Off-Campus Authentication Guide for Electronic Resources: Troubleshooting
Did you know?
Clearing your cache can significantly improve the speed and performance of your browser and ensures that anyone who uses the same computer and browser after you (particularly on public computers) will not see your private information.
Firewalls have sometimes created problems when users have tried to access UofU Electronic Resources. If you are on campus (outside of the libraries) or are accessing Electronic Resources from within a non-UofU network and your computer is behind a firewall, your network administrator will have to configure the firewall before you will be able to access Marriott Library electronic resources.
Cache and Cookies
Have you authenticated using your uNID and you are still being asked for a username and password? Try clearing your computer's Cache and Cookies.
About Browser Cookies
Websites send small text files known as cookies to your web browser in order to store information about your connection to their server, including authentication information, details about your online session, and any preferences you may have saved. Cookies are particularly useful when you want a website to auto-sign you into a web service, but like the cache, they could be used to compromise your privacy if someone gained access to your computer. Some people choose to delete their cookies periodically (though you should keep in mind that any authenticated sites you use will not remember you the next time you return).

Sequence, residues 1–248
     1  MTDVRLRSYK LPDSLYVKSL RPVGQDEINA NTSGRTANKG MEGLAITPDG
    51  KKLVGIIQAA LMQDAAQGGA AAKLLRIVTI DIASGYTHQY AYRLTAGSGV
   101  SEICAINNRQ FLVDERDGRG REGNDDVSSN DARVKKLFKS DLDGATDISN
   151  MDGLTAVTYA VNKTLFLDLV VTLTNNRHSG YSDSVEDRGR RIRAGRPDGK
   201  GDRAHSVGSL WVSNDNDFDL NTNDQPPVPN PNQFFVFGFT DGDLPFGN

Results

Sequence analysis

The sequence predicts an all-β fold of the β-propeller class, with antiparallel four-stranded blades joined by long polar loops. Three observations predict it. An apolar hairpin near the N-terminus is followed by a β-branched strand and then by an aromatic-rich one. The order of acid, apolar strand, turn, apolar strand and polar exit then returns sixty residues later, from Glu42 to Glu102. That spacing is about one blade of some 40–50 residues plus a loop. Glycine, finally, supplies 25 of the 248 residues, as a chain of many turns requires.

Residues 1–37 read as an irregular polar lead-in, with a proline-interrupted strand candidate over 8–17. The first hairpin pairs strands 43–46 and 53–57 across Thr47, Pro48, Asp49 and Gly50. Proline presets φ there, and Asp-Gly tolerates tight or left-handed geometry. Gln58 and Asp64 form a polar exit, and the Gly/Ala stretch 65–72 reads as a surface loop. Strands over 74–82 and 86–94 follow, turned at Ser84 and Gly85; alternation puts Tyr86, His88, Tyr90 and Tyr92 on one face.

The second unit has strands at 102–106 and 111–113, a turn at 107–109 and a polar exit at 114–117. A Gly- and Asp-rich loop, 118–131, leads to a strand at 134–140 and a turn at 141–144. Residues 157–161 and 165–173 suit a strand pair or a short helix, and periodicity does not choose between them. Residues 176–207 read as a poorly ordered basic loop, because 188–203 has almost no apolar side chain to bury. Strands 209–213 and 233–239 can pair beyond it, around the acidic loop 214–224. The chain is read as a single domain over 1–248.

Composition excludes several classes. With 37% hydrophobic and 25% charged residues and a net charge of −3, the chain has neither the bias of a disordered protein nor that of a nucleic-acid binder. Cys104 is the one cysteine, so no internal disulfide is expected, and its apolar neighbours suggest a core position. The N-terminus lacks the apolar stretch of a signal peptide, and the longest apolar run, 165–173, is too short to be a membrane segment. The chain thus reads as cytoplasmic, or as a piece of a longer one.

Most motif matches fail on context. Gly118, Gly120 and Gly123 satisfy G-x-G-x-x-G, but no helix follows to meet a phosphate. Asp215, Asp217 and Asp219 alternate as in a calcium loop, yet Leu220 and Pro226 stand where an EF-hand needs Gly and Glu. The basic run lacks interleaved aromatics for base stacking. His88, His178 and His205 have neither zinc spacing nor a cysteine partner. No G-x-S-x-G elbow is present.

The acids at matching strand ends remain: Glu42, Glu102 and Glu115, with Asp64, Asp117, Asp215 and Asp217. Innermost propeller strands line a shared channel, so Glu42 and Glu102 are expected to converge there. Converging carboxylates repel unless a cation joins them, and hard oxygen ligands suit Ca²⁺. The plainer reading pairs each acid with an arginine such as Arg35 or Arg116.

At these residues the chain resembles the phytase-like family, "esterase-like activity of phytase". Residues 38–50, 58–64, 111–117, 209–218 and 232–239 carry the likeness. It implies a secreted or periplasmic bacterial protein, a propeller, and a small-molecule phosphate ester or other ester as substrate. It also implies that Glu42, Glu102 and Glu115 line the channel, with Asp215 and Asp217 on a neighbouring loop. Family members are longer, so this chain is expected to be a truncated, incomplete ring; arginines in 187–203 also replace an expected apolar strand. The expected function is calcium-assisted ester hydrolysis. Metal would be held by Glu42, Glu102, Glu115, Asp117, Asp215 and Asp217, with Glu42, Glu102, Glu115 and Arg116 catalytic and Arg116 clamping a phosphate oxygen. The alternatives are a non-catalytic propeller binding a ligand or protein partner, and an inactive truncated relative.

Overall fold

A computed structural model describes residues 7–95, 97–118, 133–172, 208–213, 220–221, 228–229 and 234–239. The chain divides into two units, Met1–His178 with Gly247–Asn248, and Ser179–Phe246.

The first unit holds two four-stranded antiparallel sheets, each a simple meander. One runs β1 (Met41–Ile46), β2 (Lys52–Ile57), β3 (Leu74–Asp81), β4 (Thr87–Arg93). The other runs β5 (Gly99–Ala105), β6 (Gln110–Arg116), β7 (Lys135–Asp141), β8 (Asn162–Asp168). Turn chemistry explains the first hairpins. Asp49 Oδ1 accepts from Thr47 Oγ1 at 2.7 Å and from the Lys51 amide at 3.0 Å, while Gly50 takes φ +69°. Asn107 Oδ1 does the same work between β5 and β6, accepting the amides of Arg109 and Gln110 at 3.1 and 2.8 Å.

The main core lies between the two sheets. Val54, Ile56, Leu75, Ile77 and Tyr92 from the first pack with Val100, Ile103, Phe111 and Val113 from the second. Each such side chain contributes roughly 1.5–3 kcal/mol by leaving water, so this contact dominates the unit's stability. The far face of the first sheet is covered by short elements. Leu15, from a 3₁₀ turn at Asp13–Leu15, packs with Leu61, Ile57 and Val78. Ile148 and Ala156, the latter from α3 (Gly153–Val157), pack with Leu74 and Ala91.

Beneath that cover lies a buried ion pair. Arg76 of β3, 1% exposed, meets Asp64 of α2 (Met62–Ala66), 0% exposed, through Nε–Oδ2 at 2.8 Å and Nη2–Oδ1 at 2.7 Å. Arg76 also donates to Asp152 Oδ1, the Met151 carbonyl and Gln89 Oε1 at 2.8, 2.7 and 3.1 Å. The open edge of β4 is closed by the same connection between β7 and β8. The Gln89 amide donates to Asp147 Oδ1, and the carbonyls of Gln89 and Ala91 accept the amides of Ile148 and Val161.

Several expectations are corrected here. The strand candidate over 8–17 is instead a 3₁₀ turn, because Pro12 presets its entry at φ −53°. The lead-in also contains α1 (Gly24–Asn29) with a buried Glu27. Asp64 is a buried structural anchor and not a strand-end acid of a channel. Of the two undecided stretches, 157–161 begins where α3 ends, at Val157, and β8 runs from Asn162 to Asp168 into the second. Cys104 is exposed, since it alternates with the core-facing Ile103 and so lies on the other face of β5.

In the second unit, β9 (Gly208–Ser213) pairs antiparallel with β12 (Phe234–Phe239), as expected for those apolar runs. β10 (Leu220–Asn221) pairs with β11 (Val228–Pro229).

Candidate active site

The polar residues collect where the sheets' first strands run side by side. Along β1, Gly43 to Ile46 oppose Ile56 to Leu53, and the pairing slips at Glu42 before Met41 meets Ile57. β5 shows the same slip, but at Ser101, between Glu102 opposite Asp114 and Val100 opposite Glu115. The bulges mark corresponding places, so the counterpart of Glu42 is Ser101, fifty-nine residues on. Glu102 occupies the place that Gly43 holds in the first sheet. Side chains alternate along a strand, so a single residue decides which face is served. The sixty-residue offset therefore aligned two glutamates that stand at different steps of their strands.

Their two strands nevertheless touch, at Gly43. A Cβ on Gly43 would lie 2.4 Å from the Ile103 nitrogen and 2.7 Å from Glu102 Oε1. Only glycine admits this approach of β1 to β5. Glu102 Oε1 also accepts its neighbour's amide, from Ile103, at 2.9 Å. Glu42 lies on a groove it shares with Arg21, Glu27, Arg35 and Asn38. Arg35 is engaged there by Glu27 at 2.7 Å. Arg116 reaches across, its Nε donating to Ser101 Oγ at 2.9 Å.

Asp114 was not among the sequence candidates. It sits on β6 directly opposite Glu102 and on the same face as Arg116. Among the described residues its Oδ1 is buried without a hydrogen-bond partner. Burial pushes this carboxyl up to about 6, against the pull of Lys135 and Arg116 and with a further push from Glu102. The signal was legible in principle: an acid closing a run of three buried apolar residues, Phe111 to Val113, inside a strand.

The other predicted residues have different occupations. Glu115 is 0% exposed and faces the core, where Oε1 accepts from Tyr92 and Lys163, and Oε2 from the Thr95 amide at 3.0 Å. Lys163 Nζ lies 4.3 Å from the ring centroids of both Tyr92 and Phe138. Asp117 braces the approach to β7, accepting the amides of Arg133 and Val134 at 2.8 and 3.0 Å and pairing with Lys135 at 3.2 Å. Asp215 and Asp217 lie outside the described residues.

About the Browser Cache
In order to speed up web browsing, browsers are designed to download web pages and store them on your computer in an area called the cache (pronounced cash). When you visit the same page for a second time, the browser speeds up the display time by loading the pages locally from the cache instead of downloading everything again. This sometimes results in less than current versions of web pages being displayed, along with problems on registration and authentication pages.
Over time, this process may actually begin to slow down your browser as large amounts of data are saved to your hard drive. A cache does not empty itself and anyone who gains access to your computer can tell from these files what websites you have visited. To make matters worse, this caching is not limited to pages, but can also include login IDs, passwords, banking information, and other sensitive information.
Clearing your cache can significantly improve the speed and performance of your browser and ensures that anyone who uses the same computer and browser after you (particularly on public computers) will not see your private information. It's a good habit to clear your cache from time to time.
How to Clear the Browser Cache and Delete Cookies
- In most computer-based web browsers, to open menus used to clear your cache, cookies, and history, press Ctrl-Shift-Delete (Windows) or Command-Shift-Delete (Mac). ...
- If you don't see instructions below for your specific version or browser, search your browser's Help menu for "clear cache".